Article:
Electrical conduction in granular media:
From Branly Effect to intermittency!

The Branly Effect finally reveals its secrets

Discovered in 1890 by Edouard Branly, "the coherer effect" or "Branly effect" is an electrical transition from an insulating to a conductive state of an oxidized metallic powder when an electromagnetic wave is emitted in its vicinity.  Such a wave detector was at the origin of the first wireless radio transmissions at the end of the 19th century.  However, the physical origin of this phenomenon still remains not well understood.  A similar phenomenon of conduction transition is also observed when a DC voltage is directly applied to the sample and exceeds a certain value (we will call it herafter "DC Branly effect"). 

More than 110 years after the Branly discovery, various experiments (1D or 2D network of balls, and metallic powder) were performed at the Ecole Normale Supérieure de Lyon, in order to understand the origin of this electrical conduction transition.  These studies were notably rewarded by the 2004 Branly Prize.


By means of a model experiment with a chain of metal balls, we show for the first time that the mechanism of the electrical conduction transition (DC Branly effect) results from the local heating of the microcontacts between each ball where microwelding occurs [1, 2, 1v, 2v, 4v, 1p].  The increase in temperature reached 1050°C for an applied voltage as low as 0.4 V!  The electrical conduction transition is related to the local properties of the contact between two grains.  It constitutes a first step towards more realistic granular media such as a 2D network of ordered balls (including the disorder of the contacts), or a metal powder sample (including the disorder of position) as discussed below.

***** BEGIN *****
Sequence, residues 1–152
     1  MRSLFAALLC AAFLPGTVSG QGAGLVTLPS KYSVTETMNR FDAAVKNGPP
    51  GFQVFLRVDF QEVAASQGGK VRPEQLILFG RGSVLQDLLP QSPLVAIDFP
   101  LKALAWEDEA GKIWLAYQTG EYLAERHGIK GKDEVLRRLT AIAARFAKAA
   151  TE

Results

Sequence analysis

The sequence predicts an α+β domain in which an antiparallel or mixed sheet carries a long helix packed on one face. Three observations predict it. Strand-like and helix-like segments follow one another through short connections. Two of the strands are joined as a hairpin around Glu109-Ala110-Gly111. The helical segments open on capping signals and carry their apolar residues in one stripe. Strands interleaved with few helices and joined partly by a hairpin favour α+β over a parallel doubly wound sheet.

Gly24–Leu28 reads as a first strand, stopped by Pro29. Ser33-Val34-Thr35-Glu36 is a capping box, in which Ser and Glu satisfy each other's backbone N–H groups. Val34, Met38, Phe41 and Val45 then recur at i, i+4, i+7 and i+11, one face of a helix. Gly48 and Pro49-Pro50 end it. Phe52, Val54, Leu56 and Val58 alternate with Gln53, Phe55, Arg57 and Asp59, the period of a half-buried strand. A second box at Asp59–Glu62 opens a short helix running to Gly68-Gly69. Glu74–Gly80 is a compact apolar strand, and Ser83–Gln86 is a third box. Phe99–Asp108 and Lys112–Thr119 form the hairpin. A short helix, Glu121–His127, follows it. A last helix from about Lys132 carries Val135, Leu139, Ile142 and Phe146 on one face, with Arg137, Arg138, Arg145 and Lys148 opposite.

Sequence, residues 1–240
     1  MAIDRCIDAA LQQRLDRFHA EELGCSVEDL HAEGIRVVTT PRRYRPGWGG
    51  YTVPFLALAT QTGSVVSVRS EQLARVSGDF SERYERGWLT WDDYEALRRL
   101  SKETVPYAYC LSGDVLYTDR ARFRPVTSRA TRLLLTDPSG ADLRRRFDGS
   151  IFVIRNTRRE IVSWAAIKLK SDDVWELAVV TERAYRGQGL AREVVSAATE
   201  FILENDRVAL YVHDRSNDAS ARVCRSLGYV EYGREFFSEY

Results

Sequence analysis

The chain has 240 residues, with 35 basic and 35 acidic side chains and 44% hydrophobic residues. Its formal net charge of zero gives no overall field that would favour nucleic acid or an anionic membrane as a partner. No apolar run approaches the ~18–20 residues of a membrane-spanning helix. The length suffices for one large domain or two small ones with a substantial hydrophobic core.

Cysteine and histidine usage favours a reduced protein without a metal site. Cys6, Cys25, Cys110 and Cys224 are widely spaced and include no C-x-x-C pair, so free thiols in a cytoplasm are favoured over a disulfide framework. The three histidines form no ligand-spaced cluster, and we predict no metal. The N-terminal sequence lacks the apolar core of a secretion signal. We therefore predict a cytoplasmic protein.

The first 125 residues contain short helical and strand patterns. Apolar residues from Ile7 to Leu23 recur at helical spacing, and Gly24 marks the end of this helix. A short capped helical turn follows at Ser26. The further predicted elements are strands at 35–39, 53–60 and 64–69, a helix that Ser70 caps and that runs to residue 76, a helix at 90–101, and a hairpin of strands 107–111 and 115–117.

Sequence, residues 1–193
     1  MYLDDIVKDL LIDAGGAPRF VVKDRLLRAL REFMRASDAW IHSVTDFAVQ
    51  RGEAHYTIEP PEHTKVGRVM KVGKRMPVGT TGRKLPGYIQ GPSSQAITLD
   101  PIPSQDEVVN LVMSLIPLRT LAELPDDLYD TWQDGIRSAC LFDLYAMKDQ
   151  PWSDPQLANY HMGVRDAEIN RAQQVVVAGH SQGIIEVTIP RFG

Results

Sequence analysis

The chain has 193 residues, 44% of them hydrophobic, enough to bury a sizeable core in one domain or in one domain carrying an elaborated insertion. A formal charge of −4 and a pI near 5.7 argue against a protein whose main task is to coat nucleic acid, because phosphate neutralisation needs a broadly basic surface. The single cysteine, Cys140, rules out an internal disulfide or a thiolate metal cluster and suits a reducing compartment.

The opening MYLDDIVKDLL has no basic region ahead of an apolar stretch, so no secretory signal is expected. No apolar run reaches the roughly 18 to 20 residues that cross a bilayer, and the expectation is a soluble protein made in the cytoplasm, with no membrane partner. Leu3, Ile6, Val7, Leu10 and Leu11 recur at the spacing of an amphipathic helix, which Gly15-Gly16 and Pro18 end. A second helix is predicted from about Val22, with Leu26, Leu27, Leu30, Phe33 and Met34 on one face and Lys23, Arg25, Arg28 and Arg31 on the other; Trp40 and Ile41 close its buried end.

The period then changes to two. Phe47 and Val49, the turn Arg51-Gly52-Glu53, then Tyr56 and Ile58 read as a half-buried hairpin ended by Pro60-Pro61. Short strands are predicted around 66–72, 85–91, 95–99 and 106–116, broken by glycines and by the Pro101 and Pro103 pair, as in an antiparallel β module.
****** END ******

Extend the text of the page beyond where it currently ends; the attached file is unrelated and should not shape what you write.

In 2007, we studied the role of nearby electromagnetic waves (sparks) on the electrical conductivity of the chain of beads [3]. The effect of the spark is to lower the values of the most resistive contact, the most conductive contacts remaining unchanged. We show that the spark remotely generates within the chain a strong enough current to create microwelds between beads. This explains why the resistance of a granular medium is so sensitive to the electromagnetic waves produced in its neighborhood (Branly Effect).


Electrical noise, intermittency in a metallic powder

We apply a DC voltage to a metal powder.  Under certain conditions, the temporal evolution of the current is then very noised.  We show that this electric noise has interesting properties of scale invariance (over 4 decades in time) and of intermittency which come from thermal expansions locally creating or destroying the electrical contacts [4, 3v, 1p, 2p].  These expansions can take place on various scales (size of the grain, size of force network, size of the sample):  The small scales depend on the large ones with similarities and differences with hydrodynamic turbulence.  These astonishing phenomena of self-similarity are connected to the collective effects of the granular matter.  Finally, with an AC applied voltage, we highlighted that the electric conduction of a metallic powder results from the wide distribution of contact resistances between grains, and does not bring in microscopic model of conduction, nor parameter related to the disorder of the medium [6].

PoudreA PoudreB PoudreC


Does the dimension matter for electrical conduction in granular media?